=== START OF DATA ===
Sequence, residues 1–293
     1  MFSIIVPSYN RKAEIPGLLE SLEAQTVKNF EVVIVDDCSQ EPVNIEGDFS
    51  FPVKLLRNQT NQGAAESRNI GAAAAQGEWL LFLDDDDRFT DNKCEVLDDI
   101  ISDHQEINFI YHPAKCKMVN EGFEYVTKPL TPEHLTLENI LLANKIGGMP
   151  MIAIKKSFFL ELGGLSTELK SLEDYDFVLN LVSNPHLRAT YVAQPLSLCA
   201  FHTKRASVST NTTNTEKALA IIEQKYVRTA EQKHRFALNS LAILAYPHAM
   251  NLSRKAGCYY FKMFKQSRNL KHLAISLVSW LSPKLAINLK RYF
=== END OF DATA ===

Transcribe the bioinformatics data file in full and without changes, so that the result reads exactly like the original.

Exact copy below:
Sequence, residues 1–293
     1  MFSIIVPSYN RKAEIPGLLE SLEAQTVKNF EVVIVDDCSQ EPVNIEGDFS
    51  FPVKLLRNQT NQGAAESRNI GAAAAQGEWL LFLDDDDRFT DNKCEVLDDI
   101  ISDHQEINFI YHPAKCKMVN EGFEYVTKPL TPEHLTLENI LLANKIGGMP
   151  MIAIKKSFFL ELGGLSTELK SLEDYDFVLN LVSNPHLRAT YVAQPLSLCA
   201  FHTKRASVST NTTNTEKALA IIEQKYVRTA EQKHRFALNS LAILAYPHAM
   251  NLSRKAGCYY FKMFKQSRNL KHLAISLVSW LSPKLAINLK RYF